1× Platoon Sergeant, Technical Sergeant, armed with 1 M1 Carbine

2× Light Truck Drivers, Technician 5th Grade, armed with 1 M1 Rifle and M7 Grenade Launcher each

2× Messengers, Private/Private First Class, armed with 1 M1 Carbine each

*Platoon HQ mounted in two 1/2-ton trucks (Jeeps) with trailers acting as weapons/ammunition carriers. One was armed with an M2HB heavy machine gun for local anti-air defense.

*Contained three Bazookas for local anti-tank defense until 30 June 1944 when they were shifted to the company weapons pool.

Mortar Section

Section Headquarters

1× Section Leader, Staff Sergeant, armed with 1 M1 Rifle

1× Messenger, Private/Private First Class, armed with 1 M1 Carbine

3× Mortar Squads

1× Squad Leader, Sergeant, armed with 1 M1 Rifle

1× Gunner, Private/Private First Class, armed with 1 M2 60mm Mortar and M1911A1 Pistol

1× Assistant Gunner, Private/Private First Class, armed with 1 M1911A1 Pistol

2× Ammo Bearers, Private/Private First Class, armed with 1 M1 Carbine each

Light Machine Gun Section

Section Headquarters

1× Section Leader, Staff Sergeant, armed with 1 M1 Rifle and M7 Grenade Launcher

1× Messenger, Private/Private First Class, armed with 1 M1 Carbine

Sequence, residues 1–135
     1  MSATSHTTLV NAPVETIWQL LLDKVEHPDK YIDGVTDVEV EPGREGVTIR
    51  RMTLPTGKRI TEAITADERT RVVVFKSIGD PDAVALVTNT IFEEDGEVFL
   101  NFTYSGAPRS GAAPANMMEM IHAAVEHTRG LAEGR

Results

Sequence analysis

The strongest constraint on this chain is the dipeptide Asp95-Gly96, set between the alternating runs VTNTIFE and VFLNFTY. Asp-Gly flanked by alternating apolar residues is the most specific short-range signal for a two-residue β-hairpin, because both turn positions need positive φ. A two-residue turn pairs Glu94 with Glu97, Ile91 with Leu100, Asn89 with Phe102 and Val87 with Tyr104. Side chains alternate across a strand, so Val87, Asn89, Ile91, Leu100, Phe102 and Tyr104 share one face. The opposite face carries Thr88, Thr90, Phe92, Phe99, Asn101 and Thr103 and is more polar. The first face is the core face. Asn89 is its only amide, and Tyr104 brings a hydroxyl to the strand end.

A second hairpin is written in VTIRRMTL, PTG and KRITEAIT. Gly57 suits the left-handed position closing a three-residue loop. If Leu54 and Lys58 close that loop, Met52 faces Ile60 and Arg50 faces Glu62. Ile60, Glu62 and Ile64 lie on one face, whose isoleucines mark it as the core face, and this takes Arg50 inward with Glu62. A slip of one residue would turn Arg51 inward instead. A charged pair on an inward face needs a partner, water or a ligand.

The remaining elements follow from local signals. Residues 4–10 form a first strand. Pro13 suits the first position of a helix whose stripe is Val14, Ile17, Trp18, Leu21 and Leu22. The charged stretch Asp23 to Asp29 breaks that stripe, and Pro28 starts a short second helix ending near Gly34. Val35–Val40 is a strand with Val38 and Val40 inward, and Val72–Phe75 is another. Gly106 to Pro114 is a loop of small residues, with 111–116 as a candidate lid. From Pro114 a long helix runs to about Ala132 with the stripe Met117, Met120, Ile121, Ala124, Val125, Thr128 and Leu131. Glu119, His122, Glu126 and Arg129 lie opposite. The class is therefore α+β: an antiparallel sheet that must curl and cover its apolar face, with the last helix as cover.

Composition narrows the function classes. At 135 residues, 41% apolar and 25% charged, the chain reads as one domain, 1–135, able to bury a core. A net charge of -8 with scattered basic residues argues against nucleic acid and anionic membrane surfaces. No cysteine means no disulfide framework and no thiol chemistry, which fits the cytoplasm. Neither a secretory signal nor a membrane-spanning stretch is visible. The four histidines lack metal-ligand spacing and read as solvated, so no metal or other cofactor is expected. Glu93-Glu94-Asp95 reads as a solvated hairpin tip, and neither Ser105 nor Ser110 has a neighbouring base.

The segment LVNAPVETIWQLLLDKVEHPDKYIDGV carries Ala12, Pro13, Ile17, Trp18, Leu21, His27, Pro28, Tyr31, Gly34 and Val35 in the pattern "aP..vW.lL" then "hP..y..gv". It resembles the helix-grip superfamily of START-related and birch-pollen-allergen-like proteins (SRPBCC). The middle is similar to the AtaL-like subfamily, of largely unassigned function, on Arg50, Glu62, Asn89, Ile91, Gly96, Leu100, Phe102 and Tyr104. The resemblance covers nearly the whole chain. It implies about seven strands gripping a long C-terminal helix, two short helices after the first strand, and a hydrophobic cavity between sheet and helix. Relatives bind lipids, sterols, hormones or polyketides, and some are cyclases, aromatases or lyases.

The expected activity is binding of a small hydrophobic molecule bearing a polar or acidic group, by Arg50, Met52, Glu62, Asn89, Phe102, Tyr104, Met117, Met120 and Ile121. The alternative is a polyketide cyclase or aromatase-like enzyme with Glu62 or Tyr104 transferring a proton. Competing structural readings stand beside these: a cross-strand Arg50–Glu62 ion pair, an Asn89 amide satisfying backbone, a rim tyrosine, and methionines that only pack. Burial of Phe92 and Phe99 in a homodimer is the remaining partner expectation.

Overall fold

2× Light Machine Gun Squads

1× Squad Leader, Sergeant, armed with 1 M1 Rifle and M7 Grenade Launcher

1× Gunner, Private/Private First Class, armed with 1 M1919A4 Medium Machine Gun and M1911A1 Pistol

1× Assistant Gunner, Private/Private First Class, armed with 1 M1911A1 Pistol

2× Ammo Bearers, Private/Private First Class, armed with 1 M1 Carbine each


↓ Discussion

The Rifle Company was the close combat element of the U.S. Army Infantry Battalion during World War II. It consisted of a Company Headquarters, three Rifle Platoons and a Weapons Platoon, with a maximum strength of six officers and 187 non-commissioned officers and junior enlisted. The macro-structure of the company remained constant during the war, but minute changes were made to its internal structure almost every year of the war.